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Jim Lentini: Our most challenging year in business

Posted: January 19, 2009 9:26 p.m.
Updated: January 20, 2009 4:55 a.m.
The year 2008 was one of the most challenging years I have witnessed during my 46 years in the insurance and investment business.

It has been difficult for everyone and every business owner, as we have all been affected by the special circumstances that have created this financial crisis.

But, as it has been said many times: We have been here before and we have always recovered. And eventually we have enjoyed new periods of prosperity. Because we are part of a world economy, it is a global issue that has affected everyone in the industrialized world. The U.S. and the world economies are resilient, and that has not changed.

It's important when we see our retirement accounts diminished to keep a long-term perspective to get through this downturn. Around the world governments are doing whatever it takes to get the system running smoothly again.

Even China has had to reinforce its financial markets with infusion of capital from the government. But it will take time for these stimulus packages to have an impact.

Many years ago, a very wise old friend from Japan once told me, "The U.S. is like a big ship, it takes a long time to turn it around."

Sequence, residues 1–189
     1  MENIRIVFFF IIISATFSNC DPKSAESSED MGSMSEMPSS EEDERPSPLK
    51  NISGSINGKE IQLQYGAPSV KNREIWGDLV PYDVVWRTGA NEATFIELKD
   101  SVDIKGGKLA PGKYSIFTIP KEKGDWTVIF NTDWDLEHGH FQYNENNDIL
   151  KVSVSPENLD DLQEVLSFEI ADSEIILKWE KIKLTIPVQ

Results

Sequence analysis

This has proven true, time and time again.

In keeping our long-term perspective, Americans need to stay the course and not sell out stock funds in 401(k), 403(b) or IRA plans. We are always told not to sell low. When the market is low, then that's a time to buy if you believe it will recover.

What about the paper losses you have already incurred in your pension plan and investment accounts?

Don't dump high-quality stocks and well-managed mutual funds that have been hammered. From today's depressed levels, stocks and REIT's offer stronger appreciation potential over the next few years than bonds and cash.

Most important, don't stop funding your retirement accounts. Keep making as big a monthly contribution as you can afford to get the maximum employer match in your 401(k). Put the new money into an appropriate mix of assets. Consult with your financial advisor and select a good mix allocation of various asset classes to minimize risk and to be ready for the upward movement and recovery.

Jim Lentini is president of Lentini Insurance & Investments Inc. in Santa Clarita. His column reflects his own views and not necessarily those of The Signal.


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